The mystery of male-female complementarity Print
Making Sense of Bioethics
Thursday, Oct. 22, 2015 -- 12:00 AM

James Parker came out at age 17 and later entered into a relationship with another man.

He worked as a gay activist for a while, but his personal experiences of intimacy and human sexuality eventually led him to grasp that "same-sex marriage just doesn't exist; even if you want to say that it does."

He concluded that trying to persuade those with homosexual inclinations that they can have marriage like heterosexual couples is basically to "hoodwink" them: "Deep down, there is no mystery between two men, ultimately."

Mystery of complementarity

This striking insight helps bring into focus the authentic and remarkable mystery we encounter in the joining of husband and wife in marriage.

That abiding mystery touches on their one flesh union and reveals an inner fruitfulness, enabling them to contribute together something greater than either can do alone, namely, the engendering of new life in the marital embrace. Ultimately, that life-giving mystery flows from their radical male-female complementarity.

St. John Paul II commented on this "mystery of complementarity" when he noted how "uniting with each other [in the conjugal act] so closely as to become 'one flesh,' man and woman, rediscover, so to speak, every time and in a special way, the mystery of creation."

The personal and bodily complementarity of man and woman, along with the "duality of a mysterious mutual attraction," reminds us, again in the words of the pope, how "femininity finds itself, in a sense, in the presence of masculinity, while masculinity is confirmed through femininity."

Promotion of contraception

In recent times, nevertheless, the importance of the bodily and spiritual complementarity of man and woman has come to be diminished and even negated in the minds of many, largely due to the diffusion of contraception.

This way of intentionally impeding our own procreativity has effectively diminished and even undermined our ability to perceive the inner order and interpersonal meaning of our own sexuality.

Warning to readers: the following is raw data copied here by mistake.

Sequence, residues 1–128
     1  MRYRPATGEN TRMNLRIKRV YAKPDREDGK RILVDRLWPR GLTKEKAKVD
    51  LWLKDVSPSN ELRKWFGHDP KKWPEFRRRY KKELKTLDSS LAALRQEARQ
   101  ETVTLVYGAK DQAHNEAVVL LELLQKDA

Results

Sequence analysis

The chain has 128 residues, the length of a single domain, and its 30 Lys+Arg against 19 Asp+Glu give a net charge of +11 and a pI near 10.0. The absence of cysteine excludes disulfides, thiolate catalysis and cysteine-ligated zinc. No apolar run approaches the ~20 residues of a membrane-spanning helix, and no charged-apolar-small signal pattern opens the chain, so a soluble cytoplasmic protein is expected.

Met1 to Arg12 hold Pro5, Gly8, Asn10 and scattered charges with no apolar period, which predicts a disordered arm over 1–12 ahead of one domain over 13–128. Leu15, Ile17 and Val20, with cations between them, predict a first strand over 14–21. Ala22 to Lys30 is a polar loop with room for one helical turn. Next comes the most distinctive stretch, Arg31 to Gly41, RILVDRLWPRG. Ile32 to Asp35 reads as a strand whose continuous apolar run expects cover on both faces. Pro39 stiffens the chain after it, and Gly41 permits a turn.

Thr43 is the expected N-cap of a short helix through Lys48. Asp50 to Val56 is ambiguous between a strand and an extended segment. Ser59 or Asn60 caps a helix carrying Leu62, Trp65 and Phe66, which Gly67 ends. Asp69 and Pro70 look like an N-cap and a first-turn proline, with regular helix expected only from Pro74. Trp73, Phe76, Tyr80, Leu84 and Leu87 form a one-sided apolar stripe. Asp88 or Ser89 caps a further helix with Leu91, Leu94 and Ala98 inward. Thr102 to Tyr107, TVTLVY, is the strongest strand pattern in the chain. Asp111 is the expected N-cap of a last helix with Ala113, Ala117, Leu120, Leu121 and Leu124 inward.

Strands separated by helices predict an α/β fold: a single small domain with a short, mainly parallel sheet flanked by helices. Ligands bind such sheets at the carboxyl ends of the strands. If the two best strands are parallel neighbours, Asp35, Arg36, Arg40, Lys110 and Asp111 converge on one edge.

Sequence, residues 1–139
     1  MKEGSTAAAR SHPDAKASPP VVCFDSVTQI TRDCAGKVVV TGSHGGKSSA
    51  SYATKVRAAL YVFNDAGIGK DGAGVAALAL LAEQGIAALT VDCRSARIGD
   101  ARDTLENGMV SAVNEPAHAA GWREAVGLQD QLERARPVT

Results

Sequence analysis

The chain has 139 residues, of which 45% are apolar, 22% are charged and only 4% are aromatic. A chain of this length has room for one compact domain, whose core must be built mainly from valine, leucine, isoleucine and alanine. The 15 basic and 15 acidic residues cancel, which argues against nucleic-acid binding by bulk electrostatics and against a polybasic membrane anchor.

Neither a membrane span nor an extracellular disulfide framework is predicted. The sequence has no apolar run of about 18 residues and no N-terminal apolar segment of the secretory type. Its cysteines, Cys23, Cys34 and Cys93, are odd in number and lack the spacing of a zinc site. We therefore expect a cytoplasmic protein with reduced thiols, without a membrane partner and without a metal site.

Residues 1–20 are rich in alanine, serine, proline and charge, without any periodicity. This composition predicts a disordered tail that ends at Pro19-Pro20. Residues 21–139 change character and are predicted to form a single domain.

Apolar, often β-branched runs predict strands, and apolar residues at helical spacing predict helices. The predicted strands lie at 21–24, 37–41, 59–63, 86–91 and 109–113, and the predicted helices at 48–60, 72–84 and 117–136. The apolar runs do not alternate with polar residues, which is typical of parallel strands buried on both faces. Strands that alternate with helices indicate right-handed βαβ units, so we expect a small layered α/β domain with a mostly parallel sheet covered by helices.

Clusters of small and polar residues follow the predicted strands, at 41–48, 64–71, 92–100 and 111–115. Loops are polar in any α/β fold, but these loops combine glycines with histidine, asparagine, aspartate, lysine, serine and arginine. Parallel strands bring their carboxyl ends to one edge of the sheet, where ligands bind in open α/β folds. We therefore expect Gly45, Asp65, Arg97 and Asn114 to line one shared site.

The routine promotion of contraceptive sexual relations has effectively collapsed the mystery of sexuality into the trivial pursuit of mutually-agreed-upon pleasurable sensations. It has managed to reconfigure that sexuality into sterile acts of mutual auto-eroticism.

Men and women, neutered and neutralized by various surgeries, pharmaceuticals, or other devices, no longer really need each other in their complementary sexual roles, with homosexual genital activity claiming the status of just another variant of the same game. This depleted vision of our sexuality strips out the beautiful mystery at its core and diminishes our human dignity.

Seeking communion

Human sexuality clearly touches deep human chords, including the reality of our solitude. In the depths of the human heart is found a desire for completion through the total spousal gift of oneself to another, a gift that profoundly contributes to alleviating our sense of human solitude. We are ultimately intended for communion, so our experiences of human solitude draw us into relationship.

Yet the union of friendship that arises between two men or between two women, while clearly important in helping to overcome solitude, can be predicated only on non-genital forms of sharing if their friendship is to be authentic, fruitful, and spiritually life-giving.

Genital sexual activity between members of the same sex fails to communicate objectively either the gift of life or the gift of self. It represents, in fact, the lifeless antithesis of nuptial fruitfulness and faithfulness.

Pope Francis, speaking at the 2015 Synod of Bishops, reiterated the divine design over human sexuality when he stressed: "This is God's dream for his beloved creation: to see it fulfilled in the loving union between a man and a woman, rejoicing in their shared journey, fruitful in their mutual gift of self."

Fr. Tadeusz Pacholczyk, Ph.D., earned his doctorate in neuroscience from Yale and did post-doctoral work at Harvard. He is a priest of the Diocese of Fall River, Mass., and serves as the director of education at The National Catholic Bioethics Center in Philadelphia. See